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Our work on sport

This project is now complete

This project was completed in 2016. For more information please contact [email protected]

What's at stake?

The worrying number of scandals across many sports damages not only the image of sport, its federations and representatives, but compromises the positive influence sport has in spreading the values of good sportsmanship and integrity, especially for young people. So working to eliminate corruption in sport goes to the very heart of our mission. See more about our Corruption in Sport Initiative.

What we're doing about it

The ‘Corruption in Sport Initiative’ is a new partnership with experts, supporters and sponsors to present new research, analysis, dialogue and key recommendations on improving the governance of sport organisations, strengthening the integrity of major sporting events, and preventing and combatting match-fixing.

Corruption in sport initiative

Sports and corruption is a new area of focus. We published our first working paper in 2009, called Corruption and Sport: Building Integrity and Preventing Abuses. Since then we have developed a growing reputation in the area, participating in global conferences on topics ranging from how to prevent corruption when organising large sporting events such as the Olympics to ways to prevent match fixing.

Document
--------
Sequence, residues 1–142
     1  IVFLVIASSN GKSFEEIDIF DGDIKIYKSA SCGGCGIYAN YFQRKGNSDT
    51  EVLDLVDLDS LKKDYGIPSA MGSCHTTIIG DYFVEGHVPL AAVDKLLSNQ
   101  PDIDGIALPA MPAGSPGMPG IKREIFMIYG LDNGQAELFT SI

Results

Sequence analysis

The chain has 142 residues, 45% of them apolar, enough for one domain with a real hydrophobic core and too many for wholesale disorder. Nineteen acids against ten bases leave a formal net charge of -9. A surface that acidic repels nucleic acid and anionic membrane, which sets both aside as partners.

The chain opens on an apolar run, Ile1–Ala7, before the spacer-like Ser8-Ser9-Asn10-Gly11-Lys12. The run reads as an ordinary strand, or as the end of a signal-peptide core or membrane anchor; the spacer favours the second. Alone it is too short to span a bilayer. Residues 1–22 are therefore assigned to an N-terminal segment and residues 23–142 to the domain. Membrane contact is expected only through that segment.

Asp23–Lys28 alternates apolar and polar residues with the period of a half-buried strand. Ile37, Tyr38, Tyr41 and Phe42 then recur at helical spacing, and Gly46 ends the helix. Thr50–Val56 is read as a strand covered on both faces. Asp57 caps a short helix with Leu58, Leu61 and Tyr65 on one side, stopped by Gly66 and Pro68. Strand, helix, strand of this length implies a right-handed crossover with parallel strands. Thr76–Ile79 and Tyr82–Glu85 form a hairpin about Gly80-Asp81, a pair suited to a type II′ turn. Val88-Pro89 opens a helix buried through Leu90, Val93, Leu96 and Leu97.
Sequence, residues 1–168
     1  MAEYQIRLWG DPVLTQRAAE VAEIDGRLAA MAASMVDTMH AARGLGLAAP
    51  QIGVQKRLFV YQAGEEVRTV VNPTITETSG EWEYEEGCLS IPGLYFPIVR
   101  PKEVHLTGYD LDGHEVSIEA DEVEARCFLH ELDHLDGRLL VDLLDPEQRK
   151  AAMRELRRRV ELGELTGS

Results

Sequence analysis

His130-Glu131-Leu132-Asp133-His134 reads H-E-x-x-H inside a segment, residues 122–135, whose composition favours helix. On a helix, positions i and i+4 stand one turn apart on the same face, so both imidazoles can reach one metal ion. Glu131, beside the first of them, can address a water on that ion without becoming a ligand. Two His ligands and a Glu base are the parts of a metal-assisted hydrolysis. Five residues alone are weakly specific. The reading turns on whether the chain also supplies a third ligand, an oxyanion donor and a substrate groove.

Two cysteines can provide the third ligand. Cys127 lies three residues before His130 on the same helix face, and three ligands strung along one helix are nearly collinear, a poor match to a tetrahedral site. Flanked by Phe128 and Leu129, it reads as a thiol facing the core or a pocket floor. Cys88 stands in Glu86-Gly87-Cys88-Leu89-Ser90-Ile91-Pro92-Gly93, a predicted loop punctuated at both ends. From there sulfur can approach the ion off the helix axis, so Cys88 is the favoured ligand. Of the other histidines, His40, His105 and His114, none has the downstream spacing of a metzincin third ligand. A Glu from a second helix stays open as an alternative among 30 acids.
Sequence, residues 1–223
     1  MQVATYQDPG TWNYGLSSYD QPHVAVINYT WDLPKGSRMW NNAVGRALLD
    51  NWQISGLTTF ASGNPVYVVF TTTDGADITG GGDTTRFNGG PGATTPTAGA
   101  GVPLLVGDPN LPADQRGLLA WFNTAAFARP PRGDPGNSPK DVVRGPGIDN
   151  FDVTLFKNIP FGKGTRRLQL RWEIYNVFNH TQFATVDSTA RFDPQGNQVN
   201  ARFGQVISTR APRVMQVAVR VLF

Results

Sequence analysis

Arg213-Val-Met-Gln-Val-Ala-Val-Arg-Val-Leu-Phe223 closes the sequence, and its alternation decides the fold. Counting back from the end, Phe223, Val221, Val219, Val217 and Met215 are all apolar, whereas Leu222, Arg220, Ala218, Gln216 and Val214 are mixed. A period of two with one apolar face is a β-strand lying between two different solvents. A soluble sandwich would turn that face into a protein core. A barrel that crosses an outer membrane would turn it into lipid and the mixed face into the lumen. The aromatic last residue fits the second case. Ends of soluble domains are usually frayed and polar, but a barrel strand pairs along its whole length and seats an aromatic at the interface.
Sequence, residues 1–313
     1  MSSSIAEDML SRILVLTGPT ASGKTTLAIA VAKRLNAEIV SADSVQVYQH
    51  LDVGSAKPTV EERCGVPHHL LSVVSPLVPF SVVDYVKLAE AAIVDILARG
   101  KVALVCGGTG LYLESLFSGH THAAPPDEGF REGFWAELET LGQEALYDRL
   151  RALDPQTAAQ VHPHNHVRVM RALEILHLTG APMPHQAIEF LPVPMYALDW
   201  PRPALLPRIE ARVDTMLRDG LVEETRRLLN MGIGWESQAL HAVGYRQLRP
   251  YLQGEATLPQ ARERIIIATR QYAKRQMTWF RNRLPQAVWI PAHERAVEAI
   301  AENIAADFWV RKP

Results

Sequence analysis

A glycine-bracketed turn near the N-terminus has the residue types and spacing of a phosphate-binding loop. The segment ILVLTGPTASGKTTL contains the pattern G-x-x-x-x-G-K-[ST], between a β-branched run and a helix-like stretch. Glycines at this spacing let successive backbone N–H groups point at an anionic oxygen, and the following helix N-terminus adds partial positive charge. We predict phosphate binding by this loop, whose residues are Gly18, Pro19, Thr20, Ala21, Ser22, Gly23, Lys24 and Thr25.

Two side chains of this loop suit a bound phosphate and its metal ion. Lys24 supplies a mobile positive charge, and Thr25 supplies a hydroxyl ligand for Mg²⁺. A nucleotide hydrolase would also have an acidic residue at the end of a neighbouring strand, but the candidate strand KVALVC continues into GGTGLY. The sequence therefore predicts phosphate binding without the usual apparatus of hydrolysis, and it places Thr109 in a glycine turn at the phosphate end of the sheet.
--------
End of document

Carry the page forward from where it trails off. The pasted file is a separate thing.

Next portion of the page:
Following well-publicised corruption scandals at FIFA, world football’s governing body, we wrote a report that we submitted to FIFA outlining specific, concrete actions the organisation should take to repair its reputation. Safe Hands: Building Integrity and Transparency at FIFA built on our experience working on preventing corruption in the private sector – football is a global business worth more than $1.2 billion – and combined it with our expertise in the world of sport.

We made a similar submission to the International Cricket Council’s governance review in early 2012 – signed by 12 chapters from cricketing countries and coordinated by Transparency International UK.

On 9 April 2015, we began publishing new analysis and commentary by leading experts in the field as part of the Corruption in Sport Initiative, the new umbrella for TI's work on sport. We will continue to release new material linked to key sports events. Readers can sign up for updates here.

On 23 February 2016 we will publish the Global Corruption Report: Sport, a comprehensive overview of the root causes of corruption across sport, presenting key participants’ perspectives side by side, as well as the work of TI national chapters on the ground.

Our approach

In sports we use the same approach that is our hallmark: we try to bring together all the interested parties to discuss the importance of developing strong anti-corruption and anti-bribery codes and practices. Our approach is one of consultation and collaboration.

Although we are not working directly with FIFA, we have talked to them and our recommendations have been taken into consideration in their reform process.

The work of our chapters in sport is just beginning. But the principle is the same. Transparency is the first defence against corruption and education is the best form of prevention. By operating transparently, organisations communicate their values and policies to the people they represent and to the public, and show their values translated into actions. By educating all those involved – from players and officials to managers and administrators – on ethical practices, you can help stop corruption before it starts.